Friday, December 01, 2006

Polonium 210, Russian Spies and Safe Tobacco.

Probably for the first time ever, the element polonium 210 has hit the headlines, in connection with its use as a poison to kill Alexander Litvinenko, an outspoken critic of the Putin regime. Polonium was discovered by Marie Curie (and her husband Pierre), among the products heroically obtained from extracting four tons of uranium ore (pitchblende), working for four years in an unheated shed, boiling the rock in vats of concentrated acids. At that time, only uranium and thorium were known to be radioactive, and the far more intensely radioactive radium and polonium were revealed and isolated by the procedure of fractional crystallization, probably the most laborious in chemistry. Marie named polonium after her native Poland. Polonium 210 has a half life of about 138 days, and emits five thousand times the amount of radiation as an equal quantity of radium does. Put differently, one milligram of polonium 210 (210Po) emits as much radiation as 5 grams of radium. Polonium is an alpha emitter (i.e. when the nucleus undergoes radioactive decay it releases alpha particles), and so it must be inhaled, swallowed or injected to exert any toxic effects, since alpha particles are stopped by the skin and do not penetrate thus into the body. Only one decay out of every 100,000 results in the emission of a gamma ray along with an alpha particle, while the rest are pure alpha decays. This makes the material more difficult to detect than many other radioactive isotopes, and this is most sensitively done using an alpha spectrometer to measure alpha particles rather than by measuring gamma rays.
The decay of polonium releases a considerable amount of energy and half a gram of the material will quickly reach a temperature of 500 degrees Celsius. A quantity of 210Po equal to just a few curies (one curie is equal to one gram of radium and hence is equal to around 0.2 milligrams of 210Po) is observed to emit a blue glow from gamma rays exciting surrounding air molecules. One gram of 210Po produces 140 Watts of power, and accordingly it has been used as a heat source to power thermoelectric cells in satellites. Because polonium is a highly radioactive and toxic element it is very difficult to handle, and even microgram (millionths of a gram) quantities of 210Po are extremely dangerous, requiring specialized equipment and strict containment procedures. Alpha particles emitted by 210Po will damage internal organic tissue easily if polonium is ingested, inhaled or injected. The maximum permitted body burden for ingested polonium is reckoned at just 1,100 becquerels (0.03 microcurie - 30 billionths of a Curie), which is equivalent to a particle weighing only 6.8 × 10-12 gram (6.8 millonths of a microgram). Weight for weight, polonium is 250 billion times as toxic as prussic acid (hydrogen cyanide).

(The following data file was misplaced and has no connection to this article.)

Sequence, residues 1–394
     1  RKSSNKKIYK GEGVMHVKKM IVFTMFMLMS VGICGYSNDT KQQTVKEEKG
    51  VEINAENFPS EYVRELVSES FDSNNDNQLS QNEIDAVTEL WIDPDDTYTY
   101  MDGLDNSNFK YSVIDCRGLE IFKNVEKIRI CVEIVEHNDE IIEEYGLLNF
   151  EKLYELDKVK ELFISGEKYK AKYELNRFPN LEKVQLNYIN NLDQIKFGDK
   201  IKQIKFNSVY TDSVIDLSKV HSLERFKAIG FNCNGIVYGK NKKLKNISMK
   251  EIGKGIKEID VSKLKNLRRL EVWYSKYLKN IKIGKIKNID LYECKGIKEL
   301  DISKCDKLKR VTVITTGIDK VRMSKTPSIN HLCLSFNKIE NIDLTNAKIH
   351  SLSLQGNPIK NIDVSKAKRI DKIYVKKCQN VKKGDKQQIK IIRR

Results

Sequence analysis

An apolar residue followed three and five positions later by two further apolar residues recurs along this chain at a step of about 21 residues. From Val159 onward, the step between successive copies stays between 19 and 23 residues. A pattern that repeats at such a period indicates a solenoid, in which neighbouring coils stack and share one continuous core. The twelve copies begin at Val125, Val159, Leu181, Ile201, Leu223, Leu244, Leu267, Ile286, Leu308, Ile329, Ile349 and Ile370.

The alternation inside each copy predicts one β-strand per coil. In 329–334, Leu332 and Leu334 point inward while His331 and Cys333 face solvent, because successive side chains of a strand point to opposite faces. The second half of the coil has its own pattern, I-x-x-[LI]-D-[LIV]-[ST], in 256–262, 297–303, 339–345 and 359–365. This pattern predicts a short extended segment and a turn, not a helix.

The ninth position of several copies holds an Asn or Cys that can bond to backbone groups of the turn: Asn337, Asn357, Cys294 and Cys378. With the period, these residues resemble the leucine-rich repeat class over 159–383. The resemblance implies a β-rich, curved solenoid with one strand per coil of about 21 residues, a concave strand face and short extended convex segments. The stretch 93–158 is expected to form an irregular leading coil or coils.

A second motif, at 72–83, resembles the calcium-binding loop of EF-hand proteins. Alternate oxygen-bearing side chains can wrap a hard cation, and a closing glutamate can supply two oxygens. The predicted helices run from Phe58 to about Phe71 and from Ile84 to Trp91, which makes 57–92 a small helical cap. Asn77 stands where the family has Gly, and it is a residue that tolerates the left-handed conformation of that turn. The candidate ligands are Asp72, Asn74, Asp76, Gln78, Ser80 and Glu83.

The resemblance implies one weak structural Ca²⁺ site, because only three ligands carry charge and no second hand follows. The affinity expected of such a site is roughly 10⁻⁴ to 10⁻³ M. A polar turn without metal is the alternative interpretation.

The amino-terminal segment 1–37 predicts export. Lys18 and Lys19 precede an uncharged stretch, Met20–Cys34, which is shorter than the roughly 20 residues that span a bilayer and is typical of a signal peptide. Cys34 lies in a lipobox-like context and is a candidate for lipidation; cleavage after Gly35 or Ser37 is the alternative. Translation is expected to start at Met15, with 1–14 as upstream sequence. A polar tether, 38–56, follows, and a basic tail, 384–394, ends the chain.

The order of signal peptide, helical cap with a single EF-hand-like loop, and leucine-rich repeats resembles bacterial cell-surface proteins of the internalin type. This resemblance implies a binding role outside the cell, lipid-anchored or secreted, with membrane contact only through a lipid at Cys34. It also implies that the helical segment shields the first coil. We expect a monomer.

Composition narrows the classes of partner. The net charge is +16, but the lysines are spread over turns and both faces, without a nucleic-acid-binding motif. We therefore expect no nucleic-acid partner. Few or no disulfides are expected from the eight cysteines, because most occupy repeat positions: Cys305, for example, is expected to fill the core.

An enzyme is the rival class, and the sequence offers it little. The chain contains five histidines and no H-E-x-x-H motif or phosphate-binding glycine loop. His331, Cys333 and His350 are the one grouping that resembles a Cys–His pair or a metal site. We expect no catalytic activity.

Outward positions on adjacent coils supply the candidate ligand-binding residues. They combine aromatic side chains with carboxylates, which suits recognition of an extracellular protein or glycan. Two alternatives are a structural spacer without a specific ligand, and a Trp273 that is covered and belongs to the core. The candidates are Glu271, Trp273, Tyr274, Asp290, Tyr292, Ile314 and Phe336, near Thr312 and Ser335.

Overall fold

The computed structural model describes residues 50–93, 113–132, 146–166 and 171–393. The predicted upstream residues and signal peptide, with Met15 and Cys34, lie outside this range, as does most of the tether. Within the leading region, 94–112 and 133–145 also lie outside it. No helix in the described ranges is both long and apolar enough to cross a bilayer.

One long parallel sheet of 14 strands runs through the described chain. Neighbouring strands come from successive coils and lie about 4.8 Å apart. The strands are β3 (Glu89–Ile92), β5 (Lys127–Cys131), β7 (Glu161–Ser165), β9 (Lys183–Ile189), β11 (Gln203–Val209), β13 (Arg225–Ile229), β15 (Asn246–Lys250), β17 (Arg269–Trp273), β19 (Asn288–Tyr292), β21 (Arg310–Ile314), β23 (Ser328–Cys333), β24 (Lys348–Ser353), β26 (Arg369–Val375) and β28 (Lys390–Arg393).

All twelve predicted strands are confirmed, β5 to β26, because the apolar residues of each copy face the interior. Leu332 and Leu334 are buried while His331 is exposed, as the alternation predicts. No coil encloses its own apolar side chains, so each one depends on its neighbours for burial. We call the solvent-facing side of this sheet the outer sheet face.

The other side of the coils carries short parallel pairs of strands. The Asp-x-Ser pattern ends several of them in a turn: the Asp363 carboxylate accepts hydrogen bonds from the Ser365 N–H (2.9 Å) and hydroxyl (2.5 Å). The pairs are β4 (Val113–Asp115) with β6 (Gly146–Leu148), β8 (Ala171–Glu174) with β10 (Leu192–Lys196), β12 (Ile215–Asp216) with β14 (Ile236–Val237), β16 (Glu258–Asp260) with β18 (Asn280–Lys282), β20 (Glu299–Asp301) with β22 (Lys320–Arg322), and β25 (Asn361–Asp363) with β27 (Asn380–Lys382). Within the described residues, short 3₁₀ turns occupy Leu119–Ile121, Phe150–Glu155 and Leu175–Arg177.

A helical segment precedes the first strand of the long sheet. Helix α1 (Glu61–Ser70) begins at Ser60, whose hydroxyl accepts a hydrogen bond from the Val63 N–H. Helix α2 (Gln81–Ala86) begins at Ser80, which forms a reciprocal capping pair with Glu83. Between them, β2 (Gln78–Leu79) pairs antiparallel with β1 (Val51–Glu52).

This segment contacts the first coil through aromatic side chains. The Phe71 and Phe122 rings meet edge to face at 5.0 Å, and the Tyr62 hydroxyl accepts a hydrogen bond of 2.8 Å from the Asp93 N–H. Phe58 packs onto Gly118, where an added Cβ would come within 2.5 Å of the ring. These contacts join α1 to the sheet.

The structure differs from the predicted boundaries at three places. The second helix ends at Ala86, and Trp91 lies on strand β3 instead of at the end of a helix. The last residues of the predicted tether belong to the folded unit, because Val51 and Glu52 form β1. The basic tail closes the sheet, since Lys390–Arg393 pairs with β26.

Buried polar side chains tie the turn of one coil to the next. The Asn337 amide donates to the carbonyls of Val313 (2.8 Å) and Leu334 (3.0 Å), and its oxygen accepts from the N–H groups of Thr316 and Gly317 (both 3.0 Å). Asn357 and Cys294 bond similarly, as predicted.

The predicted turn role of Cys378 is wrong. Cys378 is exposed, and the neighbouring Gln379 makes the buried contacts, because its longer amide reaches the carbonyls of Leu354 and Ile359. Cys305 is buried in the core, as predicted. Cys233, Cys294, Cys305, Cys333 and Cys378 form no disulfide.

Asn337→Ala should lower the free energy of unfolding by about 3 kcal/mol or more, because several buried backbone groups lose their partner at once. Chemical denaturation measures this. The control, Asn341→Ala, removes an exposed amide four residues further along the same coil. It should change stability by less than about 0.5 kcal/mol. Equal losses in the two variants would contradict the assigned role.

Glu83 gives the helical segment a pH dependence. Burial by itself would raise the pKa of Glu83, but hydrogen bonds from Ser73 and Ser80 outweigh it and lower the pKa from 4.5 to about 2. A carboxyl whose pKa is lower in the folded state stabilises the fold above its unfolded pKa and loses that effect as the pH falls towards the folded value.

I discovered only the other day that there is a relation between polonium and lung cancers caused by smoking cigarettes. Indeed, 210Po is the one individual component of cigarette smoke shown to cause cancers by inhalation. In studies of laboratory animals, lung tumours were found to develop at levels far lower than the dose received by a heavy smoker. The history is that lung cancer rates among men climbed from being a rare disease that occurred at a rate of 4 in every 100,000 people per year, to 72/100,000 by 1980, making it the number one fatal cancer, despite an almost 20% decrease in levels of smoking during that same period. This coincided with a tripling in the levels of 210Po found in American tobacco, a result of tobacco growers using superphosphate fertilizers. Calcium phosphate ores tend to concentrate uranium, which decays to radon which then breaks down to 210Po (a "daughter product"). Indeed, soils associated with phosphate ores have uranium concentrations from 50 - 1000 parts per million (ppm), and far in excess of the the 2 - 3 ppm usually found. The 210Po becomes attached to the sticky hairs on the underside of tobacco leaves and when the resulting cigarette is smoked, the intense heat of the burning tip volatalises it, and so it is inhaled. Apparently the filters, while effective against chemical carcinogens do not hold-back the radioactive components.
The lungs of a heavy smoker (which may mean only 15 cigarettes per day - I used to smoke a lot more than this until I gave up twenty years ago, and un-filtered cigarettes at that!) become coated with a radioactive lining which irradiates the sensitive lung tissue. Smoking two packs (40 a day) gives an alpha particle radiation dose of around 1,300 millirems per year, over six-times the dose received by the average American from breathing in radon (200 millirems). Furthermore, 210Po is soluble in body fluids and is thus percolated through every tissue and cell giving levels of radiation much higher than that received from radon. The circulating polonium causes genetic damage and premature death from diseases that are reminiscent of those encountered by the early radiation pioneers: e.g. cancers of the liver and bladder, liver cirrhosis, leukemia, stomach ulcers and cardiovascular conditions. Marie Curie herself died of cancer.